Presumptive GOP presidential nominee Mitt Romney's tax plan would decrease taxes on those making $1 million or more by an average of $250,000, according to a recent study by the left-wing Citizens for Tax Justice. The study also notes that individuals making $500,000 and above would receive a tax break of approximately $50,000 on average.
"If Romney kept his pledge to avoid increasing the deficit (aside from the enormous deficit increase resulting from the Bush tax cuts), then someone will have to face a net increase in their taxes," the report says. "These figures demonstrate that the very rich won’t be the ones paying for Romney’s proposals."
The Romney plan achieves tax cuts and revenue neutrality by undoing most tax credits and deductions enjoyed by the middle class, including: mortgage interest deductions, the child tax credit and the employer-based health care exclusion.
President Barack Obama nicknamed Romney's tax plan "Romney Hood" in a speech earlier this month, saying that the plan would steal from the poor and give to the rich. It's like "Robin Hood in reverse," Obama said, according to the Associated Press.
CTJ's study comes on the heels of a similar investigation of Romney's tax plan conducted by the nonpartisan Tax Policy Center earlier this month. TPC's report states that the revenue neutrality resulting from Romney's tax cut for the rich can be achieved only by increasing the taxes on those making $200,000 or less per year.
"Because taxpayers above $200,000 as a group have received a net tax cut, revenue neutrality requires that taxpayers below $200,000 -- about 95 percent of the population -- experience a tax increase," the report states. "If this increased burden is shared equally among all households earning less than $200,000, after-tax income among individuals in this group would decrease by (on average) 1.2 percent (an average tax increase of $500 per household)."
"Politically, I think that would help him," Paul said in a interview with <a href="http://www.politico.com/news/stories/0712/78599.html#ixzz20w7ycTBE" target="_hplink">Politico</a>. "In the scheme of things politically, you know, it looks like releasing tax returns is what the people want."
"I have no idea on why he has restricted the number to this point," <a href="http://www.cbsnews.com/8301-18563_162-57474352/pressure-mounts-on-mitt-romney-to-release-more-tax-returns/?tag=socsh" target="_hplink">Lugar said</a>.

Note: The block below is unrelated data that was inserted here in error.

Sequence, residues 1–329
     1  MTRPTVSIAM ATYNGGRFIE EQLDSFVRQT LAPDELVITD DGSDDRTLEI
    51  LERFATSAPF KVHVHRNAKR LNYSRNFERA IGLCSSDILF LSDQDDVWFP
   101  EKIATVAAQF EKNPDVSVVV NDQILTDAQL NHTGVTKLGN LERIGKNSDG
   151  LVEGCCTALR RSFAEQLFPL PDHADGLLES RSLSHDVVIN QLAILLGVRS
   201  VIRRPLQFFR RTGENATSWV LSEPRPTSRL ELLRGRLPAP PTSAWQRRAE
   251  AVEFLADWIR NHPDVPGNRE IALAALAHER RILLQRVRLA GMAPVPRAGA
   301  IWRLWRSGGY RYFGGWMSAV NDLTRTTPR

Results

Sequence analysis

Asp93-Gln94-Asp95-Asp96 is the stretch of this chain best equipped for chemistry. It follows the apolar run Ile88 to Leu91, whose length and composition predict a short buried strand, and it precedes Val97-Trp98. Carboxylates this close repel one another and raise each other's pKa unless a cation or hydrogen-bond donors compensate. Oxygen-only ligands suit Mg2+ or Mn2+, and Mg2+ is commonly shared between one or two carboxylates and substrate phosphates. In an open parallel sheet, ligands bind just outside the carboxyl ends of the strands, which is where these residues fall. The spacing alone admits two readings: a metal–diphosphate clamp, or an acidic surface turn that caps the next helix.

"I don't know why... he didn't get all of this out and tidy up some of his offshore accounts and all the rest," Will said on ABC's "<a href="http://www.huffingtonpost.com/2012/07/15/george-will-mitt-romney-bain_n_1674513.html?utm_source=feedburner&utm_medium=feed&utm_campaign=Feed%3A+HP%2FPolitics+(Politics+on+The+Huffington+Post)" target="_hplink">This Week</a>." "He's done nothing illegal, nothing unseemly, nothing improper, but lots that's impolitic."
"He should release the tax returns tomorrow. It's crazy," Kristol said on "<a href="http://www.huffingtonpost.com/2012/07/15/mitt-romney-tax-returns_n_1674325.html" target="_hplink">Fox News Sunday</a>." "You gotta release six, eight, 10 years of back tax returns. Take the hit for a day or two."
"I just believe in total transparency," Bentley told <a href="http://abcnews.go.com/blogs/politics/2012/07/gop-governor-calls-on-mitt-romney-to-release-additional-tax-returns-and-show-he-has-nothing-to-hide/" target="_hplink">ABC News</a>. "In fact, I was asked today that question -- do you think that Governor Romney should release his tax returns? And I said I do. I said, I release my tax returns. I may be the only public official in Alabama that does, but I release mine every year and I just believe that people should release their tax returns. And if you get them out and just get past that, it just makes it so much easier."
When asked on "<a href="http://www.nationaljournal.com/2012-presidential-campaign/barbour-romney-should-release-more-tax-returns-20120710" target="_hplink">The Situation Room</a>" if Romney should release more returns, Barbour said, "I would. But should it be an issue in the campaign? I don't think it amounts to diddly."
"If there's nothing there, there's no 'there' there, don't create a there,'" Steele said on MSNBC.
"Tax returns the next problem. Releasing returns under pressure: more weakness, more pain," Frum <a href="https://twitter.com/davidfrum/status/224509505973661696" target="_hplink">tweeted</a>.